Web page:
Defending your child’s body boundaries

You may have seen this article written by my friend and colleague Melissa Pintor Carnagey, founder of Sex Positive Families.  It’s all about how to defend your child’s body boundaries with other adults.

This is a question I get a lot, because teaching consent is relatively new, and many of our family members are not on board quite yet.  In fact, many are straight up displeased to be told No.

I get it!  I want a hug and kiss goodbye too.  It’s hard to feel affection for your precious child, and not get to express it as you’d like.

At the same time, the lesson – give affection to appease others, even when you don’t want to – is not one I want to teach my child.  That sets up a poor foundation for intimate relationships later on.

So how do we navigate these tricky boundaries?  Here are some suggestions:

 

First, mindset

Feel it in your bones that any hurt feelings are not the child’s fault.  When someone chooses not to be affectionate with someone else, it has no meaning.  We might think of it as rejection, but there’s no reason to take it so personally.  The other person might simply not want to be touched by anyone in that moment.

While I do want my child to acknowledge another person, it’s totally ok to do so without touching, or to touch in a less intimate way.  Words, a wave, a high five or fist bump are perfectly fine substitutions for a hug or kiss.

Which means, when the child doesn’t want to hug or kiss, they aren’t bad or wrong in any way.  The other person’s reaction wasn’t provoked by the child.

The mismatch simply exists, and it’s no one’s fault.

 

Second, resolve

If you agree that no one owes anyone touch, that it’s not bad to withhold touch if you don’t want to give it, then the person demanding affection is the one who bears the burden of shifting.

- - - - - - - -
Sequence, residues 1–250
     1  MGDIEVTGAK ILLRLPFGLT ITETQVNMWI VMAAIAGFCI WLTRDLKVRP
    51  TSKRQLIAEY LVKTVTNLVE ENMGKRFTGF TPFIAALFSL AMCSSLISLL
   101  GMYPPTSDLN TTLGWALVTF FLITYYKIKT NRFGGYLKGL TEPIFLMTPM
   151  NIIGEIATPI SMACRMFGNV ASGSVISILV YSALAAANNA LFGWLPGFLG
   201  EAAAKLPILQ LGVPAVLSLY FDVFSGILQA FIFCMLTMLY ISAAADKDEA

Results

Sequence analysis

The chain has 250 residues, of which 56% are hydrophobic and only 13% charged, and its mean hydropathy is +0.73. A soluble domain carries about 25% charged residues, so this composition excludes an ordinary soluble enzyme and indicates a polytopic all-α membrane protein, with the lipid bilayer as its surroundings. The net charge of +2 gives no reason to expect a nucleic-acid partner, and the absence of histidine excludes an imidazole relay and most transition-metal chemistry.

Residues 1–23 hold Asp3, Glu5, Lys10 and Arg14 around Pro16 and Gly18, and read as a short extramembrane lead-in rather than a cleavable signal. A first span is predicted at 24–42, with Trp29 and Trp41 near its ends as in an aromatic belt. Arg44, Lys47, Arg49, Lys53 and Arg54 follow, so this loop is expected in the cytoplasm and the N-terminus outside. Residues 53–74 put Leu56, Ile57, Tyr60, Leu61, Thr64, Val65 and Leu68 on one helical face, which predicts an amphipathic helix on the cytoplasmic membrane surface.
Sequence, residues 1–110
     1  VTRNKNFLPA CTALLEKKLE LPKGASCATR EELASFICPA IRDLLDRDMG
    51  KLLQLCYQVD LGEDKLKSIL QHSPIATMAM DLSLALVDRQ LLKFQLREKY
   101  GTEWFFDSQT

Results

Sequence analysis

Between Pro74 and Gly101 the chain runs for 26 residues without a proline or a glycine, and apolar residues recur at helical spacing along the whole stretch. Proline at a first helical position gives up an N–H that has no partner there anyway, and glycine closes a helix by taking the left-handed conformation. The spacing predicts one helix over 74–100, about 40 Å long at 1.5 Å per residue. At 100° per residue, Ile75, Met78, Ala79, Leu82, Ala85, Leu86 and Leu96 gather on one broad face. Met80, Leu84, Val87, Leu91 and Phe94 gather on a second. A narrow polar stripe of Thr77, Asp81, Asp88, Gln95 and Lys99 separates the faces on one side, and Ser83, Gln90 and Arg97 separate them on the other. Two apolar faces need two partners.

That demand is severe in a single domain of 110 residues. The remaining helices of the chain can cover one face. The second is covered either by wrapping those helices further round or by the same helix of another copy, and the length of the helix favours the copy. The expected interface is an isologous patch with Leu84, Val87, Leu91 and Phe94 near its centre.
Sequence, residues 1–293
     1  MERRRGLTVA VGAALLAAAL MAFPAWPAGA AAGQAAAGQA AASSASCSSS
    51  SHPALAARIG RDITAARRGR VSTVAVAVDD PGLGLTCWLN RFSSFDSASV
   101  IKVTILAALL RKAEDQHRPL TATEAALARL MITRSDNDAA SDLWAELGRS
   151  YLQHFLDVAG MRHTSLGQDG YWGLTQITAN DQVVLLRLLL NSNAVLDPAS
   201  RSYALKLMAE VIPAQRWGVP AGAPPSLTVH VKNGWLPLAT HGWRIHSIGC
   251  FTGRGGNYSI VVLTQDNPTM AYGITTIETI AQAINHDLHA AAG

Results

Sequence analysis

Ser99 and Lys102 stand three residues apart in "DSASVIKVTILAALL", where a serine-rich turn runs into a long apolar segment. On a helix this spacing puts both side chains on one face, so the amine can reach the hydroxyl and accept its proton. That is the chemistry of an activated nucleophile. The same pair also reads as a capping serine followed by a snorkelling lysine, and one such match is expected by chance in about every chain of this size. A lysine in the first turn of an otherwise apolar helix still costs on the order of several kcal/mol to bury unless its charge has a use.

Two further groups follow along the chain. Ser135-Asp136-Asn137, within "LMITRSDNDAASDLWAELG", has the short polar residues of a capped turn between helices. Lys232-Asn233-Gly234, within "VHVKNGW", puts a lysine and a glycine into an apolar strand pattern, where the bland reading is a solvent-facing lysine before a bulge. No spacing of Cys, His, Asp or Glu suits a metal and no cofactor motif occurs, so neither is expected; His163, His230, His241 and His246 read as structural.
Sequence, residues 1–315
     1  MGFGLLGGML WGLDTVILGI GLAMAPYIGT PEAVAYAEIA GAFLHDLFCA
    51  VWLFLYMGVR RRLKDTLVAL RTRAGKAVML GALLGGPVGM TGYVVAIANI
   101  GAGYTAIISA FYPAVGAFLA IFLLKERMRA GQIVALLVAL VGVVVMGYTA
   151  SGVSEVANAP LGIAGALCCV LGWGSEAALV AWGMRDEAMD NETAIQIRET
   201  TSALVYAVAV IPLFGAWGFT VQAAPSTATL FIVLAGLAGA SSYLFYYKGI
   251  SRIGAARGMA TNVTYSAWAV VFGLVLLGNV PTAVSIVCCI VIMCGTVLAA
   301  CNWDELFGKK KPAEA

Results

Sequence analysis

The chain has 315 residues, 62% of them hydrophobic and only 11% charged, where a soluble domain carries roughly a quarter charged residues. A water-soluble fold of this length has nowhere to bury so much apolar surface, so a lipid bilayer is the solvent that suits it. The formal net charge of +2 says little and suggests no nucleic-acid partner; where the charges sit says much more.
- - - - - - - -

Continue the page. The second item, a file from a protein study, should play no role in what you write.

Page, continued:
Resolve to allow the adult to be uncomfortable.  You and your child don’t have to fix their problem and make them comfortable.

You might voice this by simply observing, acknowledging the mismatch: “It looks like Jamie doesn’t want to hug.  Sorry about that.  Maybe next time.”

 

Third, confront

If observing didn’t do the trick, you might have to confront the adult.

What?  Confront?!  What if confrontation is scary?  What if confrontations never go well?  Maybe person is my parent – how do I confront my parent?

Yes, confront.  It’s a life skill, and many of us are still figuring out how to do it.  Here are some suggestions for confronting well.

 

 

Confrontation 101

 

Give yourself room to build this skill

If you can confront in the moment, that’s ideal.  A quick message might be all you need: “We’ve told Jamie he/she doesn’t have to hug goodbye.”

But if the moment passes, don’t kick yourself.  The push for affection is typically brief, and sometimes it’s over before you can step in.

It’s still worth talking about.  Come back to it another time, maybe that evening or the next day.  The longer you wait, the murkier the details will be, so talk with the child in the earliest private moment.

Share what you saw and ask how they felt.  Help them label their emotion, where they felt it in their body, and what they’d like to do if the same situation ever happens again.  If you forget to talk about one of these or get interrupted, come back to it.